Psychological Mechanism

“I had interactions with friends on social media early on, and I had thought that I could reassure them that evidence suggested their children would be OK. Not only did they not believe me, it seemed they didn’t want to believe me. They had been watching 24-hour cable news, reading The New York Times, and listening to NPR. What I was saying sounded absolutely nothing like what they were seeing, hearing, and reading. I had run into a wall of cognitive dissonance impossible to overcome.”

I used to be so naive. In the summer of 2020, when I read a mountain of literature and learned that COVID wasn’t dangerous to kids, I was so happy. I tried telling everybody I knew. Great news! The kids aren’t in danger! The relief!

But I had the same experience as the quoted author. People acted like they were unhappy about the news. They pouted, they got weirdly aggressive. Like they didn’t want it to be true. I still don’t understand it. I’m a crazy, traumatized mother. I flip out over every minor scratch and bump my kid has. It was such a relief not to have to worry she’d get COVID. I almost cried with relief. But I was alone with my joy.

There’s clearly a psychological mechanism at work here but I can’t figure it out.

13 thoughts on “Psychological Mechanism

  1. If you’re surrounded by official-sounding sources that say otherwise, why would you believe this one odd person telling you something different? The mental scenery has a lot to do with your outlook!

    I’ve used this in a positive way: a lot of years ago, when I needed to lose 35 pounds and get my blood sugar/insulin levels under control, I couldn’t just tell myself “I have to do this because this is good for me”. It wasn’t enough. So I would go and read Mark’s Daily Apple every single day, and I listened to every single Robb Wolf podcast, and since those didn’t come out daily, I found other adjacent sources to fill in, so that every day, I was reading three or four articles and listening to about an hour of audio, all reinforcing the diet and exercise program I’d already settled on. I basically brainwashed myself. It worked, too–for a little while there, low-carb, paleo, etc. was my religion. And the results were good!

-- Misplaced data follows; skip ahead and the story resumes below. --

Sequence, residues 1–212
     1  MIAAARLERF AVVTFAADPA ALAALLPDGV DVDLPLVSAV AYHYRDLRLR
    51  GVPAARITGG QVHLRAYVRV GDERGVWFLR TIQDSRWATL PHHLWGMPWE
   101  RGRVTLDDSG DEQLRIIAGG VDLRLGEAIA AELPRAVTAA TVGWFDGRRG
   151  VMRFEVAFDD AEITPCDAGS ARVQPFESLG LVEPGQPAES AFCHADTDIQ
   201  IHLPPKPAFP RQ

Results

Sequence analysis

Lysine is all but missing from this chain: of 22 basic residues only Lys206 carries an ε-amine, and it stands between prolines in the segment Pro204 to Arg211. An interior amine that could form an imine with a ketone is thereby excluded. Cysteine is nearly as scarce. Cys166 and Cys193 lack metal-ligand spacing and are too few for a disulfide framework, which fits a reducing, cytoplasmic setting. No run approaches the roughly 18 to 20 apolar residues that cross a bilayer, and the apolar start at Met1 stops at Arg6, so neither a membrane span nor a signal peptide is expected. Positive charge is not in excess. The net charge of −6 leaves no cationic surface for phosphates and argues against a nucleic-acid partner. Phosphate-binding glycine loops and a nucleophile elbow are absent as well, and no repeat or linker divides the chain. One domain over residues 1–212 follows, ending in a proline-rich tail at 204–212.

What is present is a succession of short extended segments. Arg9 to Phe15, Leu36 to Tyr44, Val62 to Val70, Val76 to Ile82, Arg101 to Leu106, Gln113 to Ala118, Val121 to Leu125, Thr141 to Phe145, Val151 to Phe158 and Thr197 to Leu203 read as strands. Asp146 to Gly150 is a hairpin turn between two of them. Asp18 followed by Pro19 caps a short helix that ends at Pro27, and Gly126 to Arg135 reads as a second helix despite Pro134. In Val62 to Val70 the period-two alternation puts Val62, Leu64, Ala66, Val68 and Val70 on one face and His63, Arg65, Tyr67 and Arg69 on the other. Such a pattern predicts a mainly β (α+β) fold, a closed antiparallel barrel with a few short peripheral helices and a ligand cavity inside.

I think a lot of people use CNN and Facebook kind of the same way… but less consciously. And the medium is pretty toxic. So the results are kind of scary.

    Liked by 2 people

  2. Indeed there is WAY too much covid propaganda in certain liberal circles. It’s extremely hard to overcome. Most educated upper middle class people I know trust authority too much and have zero critical thinking skills (much as they like to think they do).

    Liked by 1 person

    1. They don’t want to think critically. Where I live it’s like almost this unspoken conspiracy. You have to read New York Times, vote for Democrats, clap to clap to whatever nonsense Fauci says, take whatever many boosters they tell you, all so that of smug people are not offended by your presence.

      Liked by 2 people

  3. From an 1898 book on logic, where Carveth Read explains how people become irrationally attached to beliefs that scare them: :

    “On the other hand, belief is caused by many influences that are not evidence at all: such are (1) desire, which makes us believe in whatever serves our purpose; fear and suspicion, which (paradoxically) make us believe in whatever seems dangerous;”

    Liked by 2 people

  4. Answer me this:

    Let’s say you woke up living in a dystopia where children were killed daily by the government according to a lottery each and every day.

    Tell me when you would stop caring or being too concerned that the lottery was being held:

    Lottery A 50% chance of your child being killed that day ie 1 in 2.
    Lottery B 5% chance ie 1 in 20.
    Lottery C 0.5% chance ie 1 in 200
    Lottery D 0.05% chance ie 1 in 2 000